Do the right thing, even when it takes more time than the easy thing. In the best case, not doing the right thing creates debt. It is better to do a few things well than a lot of things poorly.

Obey the model. Perfectly. Models exist to provide rules of operation. Where rules exist, assumptions get made. When the model is deviated from, even in small amounts, assumptions get broken, unexpected behavior occurs, and complexity ensues. And stuff breaks.

Make the best customer experience. Don’t trade “what is best for the customer” with “what is easy for us”. Pleasing the customer over the long term is your revenue source.

Break up the large stories into digestible-size pieces. If the size of the story is too big, you won’t get it done, and it will just keep rolling over iterations. The way to eat an elephant is one bite at a time, properly swallowing between each bite, pacing yourself.

Any task which is more than trivially repeated, especially if accuracy is important, and can be reasonably automated, must be automated. The only way to scale without a huge increase in human resource cost and human errors is to automate. This also frees you up from the mundane to focus on high-value items. In the long run, the investment will not only be worth it, it will be necessary.

When it can be done reasonably, write tests to go with your code. I’m not suggesting about going crazy with unit tests, in my experience that’s not what usually breaks. With solid developers, it’s the integration function that cuts across components is the more frequent issue. But those are also generally the hardest to automate testing for. But if you can automate integration testing, then you can run it frequently and inexpensively, which will yield great payoffs in bug finding and QA cost savings. Scale!

Don’t let “perfect” get in the way of “done”. It is human nature to want to get something perfect before sharing it. (I live with visual artists.) Left unchecked, I think it also is human nature to want to endlessly tweak things, which ultimately probably don’t make meaningful differences. So sometimes we need to call it and get it out the door. Development that we do that doesn’t get used doesn’t realize its value. There absolutely will be times where your code doesn’t need to be perfect. For example, perhaps the primary business goal is speed-to-market, and the product is expected to remain pliable so customer feedback can guide its future direction, and it is understood to not be mission-critical for the customer. So don’t invest time in becoming perfect because the product is expected to change, and you’ll end up changing that code anyway. “Doing the right thing at the right time” can mean that you are building things to be good enough, not perfect. (Rules, including the ones here, should always be interpreted with an “as reasonable” clause.)

Test your code before you merge it. Have proven confidence that it works instead of expecting QA to catch basic problems. We currently have a dedicated QA team. But don’t get lazy and expect them to catch issues in your code. The QA team finding a problem in your code should be an exception and not the rule. The QA team is generally better at finding edge cases and interesting integration scenarios. But you as the developer should do enough testing of your own code in your development environment before you git commit + push that you have confidence in your code because you saw it actually do the right thing, not because you are arrogant.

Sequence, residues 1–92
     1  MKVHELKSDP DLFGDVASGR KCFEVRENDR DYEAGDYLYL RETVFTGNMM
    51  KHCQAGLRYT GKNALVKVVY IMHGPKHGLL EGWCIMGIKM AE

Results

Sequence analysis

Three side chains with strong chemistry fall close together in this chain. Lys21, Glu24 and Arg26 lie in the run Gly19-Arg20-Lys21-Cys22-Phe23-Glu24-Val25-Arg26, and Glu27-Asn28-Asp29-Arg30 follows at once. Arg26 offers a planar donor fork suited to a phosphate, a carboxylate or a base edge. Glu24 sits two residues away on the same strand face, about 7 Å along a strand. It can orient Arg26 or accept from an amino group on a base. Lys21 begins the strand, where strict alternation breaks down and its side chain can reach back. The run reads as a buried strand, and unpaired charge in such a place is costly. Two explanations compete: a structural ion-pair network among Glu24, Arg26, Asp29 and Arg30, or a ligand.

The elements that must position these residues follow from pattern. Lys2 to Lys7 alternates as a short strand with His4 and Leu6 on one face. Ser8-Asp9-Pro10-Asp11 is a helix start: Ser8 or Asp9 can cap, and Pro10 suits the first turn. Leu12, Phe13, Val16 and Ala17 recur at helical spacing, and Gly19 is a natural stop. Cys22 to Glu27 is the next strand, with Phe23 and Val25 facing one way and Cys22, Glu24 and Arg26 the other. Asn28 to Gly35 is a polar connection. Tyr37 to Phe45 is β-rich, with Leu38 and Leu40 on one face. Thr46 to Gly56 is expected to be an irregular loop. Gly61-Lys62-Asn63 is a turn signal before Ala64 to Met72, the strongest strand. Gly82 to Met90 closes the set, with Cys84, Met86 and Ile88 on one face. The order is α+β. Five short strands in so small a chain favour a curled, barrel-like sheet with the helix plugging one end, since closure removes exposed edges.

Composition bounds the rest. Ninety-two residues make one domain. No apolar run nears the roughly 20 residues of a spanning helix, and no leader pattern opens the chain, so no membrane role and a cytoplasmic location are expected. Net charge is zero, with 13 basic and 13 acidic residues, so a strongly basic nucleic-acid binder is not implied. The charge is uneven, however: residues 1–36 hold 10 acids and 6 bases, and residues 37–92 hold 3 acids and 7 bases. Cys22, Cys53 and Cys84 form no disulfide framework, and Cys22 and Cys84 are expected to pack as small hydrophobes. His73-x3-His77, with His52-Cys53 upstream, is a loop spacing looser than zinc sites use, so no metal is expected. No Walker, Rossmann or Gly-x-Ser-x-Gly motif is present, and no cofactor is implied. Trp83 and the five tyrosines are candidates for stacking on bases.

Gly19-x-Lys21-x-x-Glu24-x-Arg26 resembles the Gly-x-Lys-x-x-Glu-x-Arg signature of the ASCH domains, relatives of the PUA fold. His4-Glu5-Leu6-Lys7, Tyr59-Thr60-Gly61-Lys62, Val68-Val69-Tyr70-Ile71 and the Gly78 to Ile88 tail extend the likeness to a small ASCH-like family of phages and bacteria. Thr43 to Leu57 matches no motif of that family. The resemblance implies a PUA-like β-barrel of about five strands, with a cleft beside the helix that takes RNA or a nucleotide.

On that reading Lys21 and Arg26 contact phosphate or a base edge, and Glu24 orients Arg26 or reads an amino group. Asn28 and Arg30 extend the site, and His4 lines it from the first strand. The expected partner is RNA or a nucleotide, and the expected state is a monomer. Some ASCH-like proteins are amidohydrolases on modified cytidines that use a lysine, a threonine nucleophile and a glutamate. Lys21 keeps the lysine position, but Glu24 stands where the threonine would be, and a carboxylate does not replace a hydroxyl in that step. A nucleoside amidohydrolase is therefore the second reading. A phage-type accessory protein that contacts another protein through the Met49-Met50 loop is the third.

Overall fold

Be totally honest. If there is something not right that is lurking below the surface, bring it to the surface so it can be seen and resolved. Otherwise it may come back and bite us at a bad time as a costly surprise. If something isn’t right, do or say something. And not just “Hey, someone needs to do something about this.” Instead, ask yourself “what am I (not someone else) going to do about it?”

Sense and respond. Once you are on a path, consistently look around and see what is going on. And compare that to your decision to originally get on this path, because you may find that at this new point that another path makes more sense because now you have new information. If a change makes sense, then change. As the saying goes, “the first step in getting out of a hole is to put down the shovel”.

Everything that does something for you also does something to you. (I came up with this quote.) That cool third-party library that helps you get something done easier, will also place limitations on you. Or that business partnership that that you outsource to can become a dependency over which you don’t have control. Be careful.

When something is intended for production, get it to be correct before the launch. It gets way more difficult afterwards. Once a customer starts to rely on something, even though it was a temporary hack, it becomes very difficult to pull it back. It will be a better experience for everyone to do it correctly before production. An uncooperative cat is hard to get back into the bag, and injuries are usually involved.

Don’t accumulate technical debt. Time-slice in debt reduction. If you aren’t making explicit debt payments in each release, you’re probably accumulating debt. Just like in the financial world, debt is a burden.

We’re not paid to know everything, we’re paid to figure things out. It’s not reasonable to expect a developer to know everything. It would certainly be cool if we did, but in today’s complex world that is pragmatically impossible. However, our value as developers is to efficiently figure things out and then translate that understanding into an implemented deliverable.

It is not an admission of failure to ask someone a question, and you will not be looked down upon. I want folks to be committed to the team (not just to themselves), and have empathy for others that is a source of helping. If someone comes to you with a reasonable question, would you be offended or look down on them? Of course not. So they shouldn’t do the same to you. You can also think about it this way: You are a member of a team. The goal is not only for the individual to succeed, but also for the team to succeed. If you have more to do than one person can handle and get overwhelmed, ask for help. Asking for help is not a sign of your weakness or failure, it is a sign of you caring for the success of the team.

That’s my list for now. There probably will be updates as new lessons are learned and articulated.